The flavor of Hubbard squash is a combination of sweet potato meets pumpkin, which makes it perfect in pies and soups. Though high in sugar, this squash can sometimes be mealy, which means it is best pureed. You can also mash the flesh and prepare as you would make mashed potatoes. Like other squashes, the Hubbard is packed with vitamins A and C, and has plenty of dietary fiber and almost no fat. This recipe makes two 9-inch pies.
1 3/4 C cake flour OR 1 1/2 C bread flour
1/2 tsp salt
1 tsp baking powder
1/4 C chilled shortening
2 tbsp chilled butter, cut into small chunks
1/4 C ice cold water
1 large, fresh tomato, de-seeded and chopped
1 tsp lemon juice
2/3 c crumbled feta cheese
salt and freshly ground pepper
10 large eggs
*There is no shame is saving time and ensuring perfection by using store bought crust. You do you.
Bake the Squash
Preheat oven to 375° F
Cut the squash in half and remove seeds and stringy fibers.
→ If your squash is small enough, you can bake it whole instead of cutting it. Just be sure to poke a few slits into it with a knife, as best you can to allow for steam ventilation and lightly cover it with foil as an extra precaution.
Place the halves on a baking sheet, cut side up and bake until tender. (A knife should easily glide through the flesh.)
Baking times will vary according to the size of your squash; it can be between an hour and two hours.
Start the Pie Crust
Sift the flour, salt and baking powder together in a large bowl. Place dry ingredients into a food processor.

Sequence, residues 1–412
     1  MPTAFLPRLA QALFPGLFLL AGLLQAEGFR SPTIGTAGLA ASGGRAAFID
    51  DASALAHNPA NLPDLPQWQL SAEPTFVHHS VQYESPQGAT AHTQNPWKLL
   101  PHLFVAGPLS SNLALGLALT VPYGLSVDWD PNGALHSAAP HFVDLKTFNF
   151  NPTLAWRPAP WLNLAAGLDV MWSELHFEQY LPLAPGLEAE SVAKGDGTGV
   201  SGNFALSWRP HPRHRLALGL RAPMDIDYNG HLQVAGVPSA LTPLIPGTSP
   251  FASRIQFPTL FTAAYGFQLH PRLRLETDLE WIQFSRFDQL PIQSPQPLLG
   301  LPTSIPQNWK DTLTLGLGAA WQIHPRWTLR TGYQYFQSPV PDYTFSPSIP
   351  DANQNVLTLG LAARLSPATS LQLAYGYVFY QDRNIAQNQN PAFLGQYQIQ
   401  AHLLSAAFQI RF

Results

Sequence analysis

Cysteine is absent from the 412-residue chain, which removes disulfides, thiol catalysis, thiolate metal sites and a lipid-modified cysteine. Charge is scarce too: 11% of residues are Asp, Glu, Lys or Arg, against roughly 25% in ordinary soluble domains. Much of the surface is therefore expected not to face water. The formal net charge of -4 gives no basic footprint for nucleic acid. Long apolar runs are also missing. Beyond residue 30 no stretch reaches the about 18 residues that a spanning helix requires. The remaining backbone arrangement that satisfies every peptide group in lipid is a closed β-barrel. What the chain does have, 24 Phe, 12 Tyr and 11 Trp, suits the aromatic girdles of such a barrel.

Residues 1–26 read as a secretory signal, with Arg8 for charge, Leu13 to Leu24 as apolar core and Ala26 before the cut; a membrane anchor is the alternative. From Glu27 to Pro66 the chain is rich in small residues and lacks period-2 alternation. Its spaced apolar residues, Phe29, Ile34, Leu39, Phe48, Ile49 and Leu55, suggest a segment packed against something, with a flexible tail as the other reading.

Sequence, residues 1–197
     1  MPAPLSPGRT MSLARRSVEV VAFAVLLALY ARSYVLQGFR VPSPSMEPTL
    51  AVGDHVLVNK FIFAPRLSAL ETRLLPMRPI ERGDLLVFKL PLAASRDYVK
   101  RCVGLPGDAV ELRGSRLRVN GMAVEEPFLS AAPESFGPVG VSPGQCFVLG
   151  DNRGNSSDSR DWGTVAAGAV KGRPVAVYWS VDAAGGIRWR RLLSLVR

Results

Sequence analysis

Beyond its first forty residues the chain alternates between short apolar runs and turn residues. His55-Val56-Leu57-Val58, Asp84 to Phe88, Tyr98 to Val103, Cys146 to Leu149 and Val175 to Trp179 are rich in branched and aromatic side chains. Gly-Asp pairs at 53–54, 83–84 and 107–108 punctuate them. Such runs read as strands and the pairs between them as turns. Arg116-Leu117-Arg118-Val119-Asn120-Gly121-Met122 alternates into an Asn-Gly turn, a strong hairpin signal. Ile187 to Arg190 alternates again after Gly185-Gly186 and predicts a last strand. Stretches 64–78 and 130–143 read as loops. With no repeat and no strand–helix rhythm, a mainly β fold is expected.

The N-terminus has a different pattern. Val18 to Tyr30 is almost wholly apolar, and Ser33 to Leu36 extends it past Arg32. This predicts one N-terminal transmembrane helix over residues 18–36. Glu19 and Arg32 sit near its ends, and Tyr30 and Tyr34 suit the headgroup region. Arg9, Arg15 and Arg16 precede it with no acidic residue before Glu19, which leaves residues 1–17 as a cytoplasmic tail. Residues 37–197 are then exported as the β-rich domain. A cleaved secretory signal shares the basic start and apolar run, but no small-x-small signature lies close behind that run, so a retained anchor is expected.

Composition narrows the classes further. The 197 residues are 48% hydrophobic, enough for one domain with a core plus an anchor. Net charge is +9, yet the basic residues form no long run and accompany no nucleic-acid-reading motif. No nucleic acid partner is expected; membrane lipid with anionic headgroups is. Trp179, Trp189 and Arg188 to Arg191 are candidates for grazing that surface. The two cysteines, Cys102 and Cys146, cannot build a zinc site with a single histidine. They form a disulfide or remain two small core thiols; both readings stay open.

Add the shortening and the butter.
Pulse until the shortening and butter are mixed well and form a fine texture.
Turn the processor on low and add one tablespoon of the water at a time.
When the mixture just starts to come together and you can form a dough, stop adding the water. (You may not need to use all the water.)
Place the mixture on a cool surface and form a dough ball. Cut in half and form a disc out of the two halves.
Cover each with plastic and place in the refrigerator for no less than one hour (although, overnight is preferred.)
Prepare the Filling
Allow the squash to cool and peel the skin off.
Place the flesh of the squash in a food processor and pulse until smooth. Depending on the size of your squash, you may have much more pureed squash than the 4 c the recipe calls for. You can freeze the pureed squash to use at a later date.
If your squash puree is rather loose or particularly water, simply strain it through a fine mesh strainer to remove the excess liquid. (Note: if your thawed, pureed squash is runny, simply run it through a fine mesh strainer.)
In a large bowl, combine the eggs, sugar, evaporated milk, cinnamon, salt, ginger, and cloves with the pureed squash. Mix together.
Prepare the Pie Shell
Turn oven temperature up to 450° F.
One at a time, place the dough balls on a lightly floured surface and gently roll into a 10 inch round.
Wrap the dough over the rolling pen and place onto the pie pan.
Press the dough into the pan and tuck the edges under, over the lip of the pan.
Poke holes in the bottom of the crust with a fork.
Crimp the edges into a uniform shape.
Assemble the Pie
Pour half of the pie filling into one pie shell, half into the other.
Place the pies on the middle rack of the oven and bake for 15 minutes.
Turn the heat down to 325° F. and bake an additional 30 minutes.
Test doneness by poking a toothpick or knife into the pie about an inch from the crust edge; it should come out clean.
Cool pies completely.
Slice and serve with fresh whipped cream.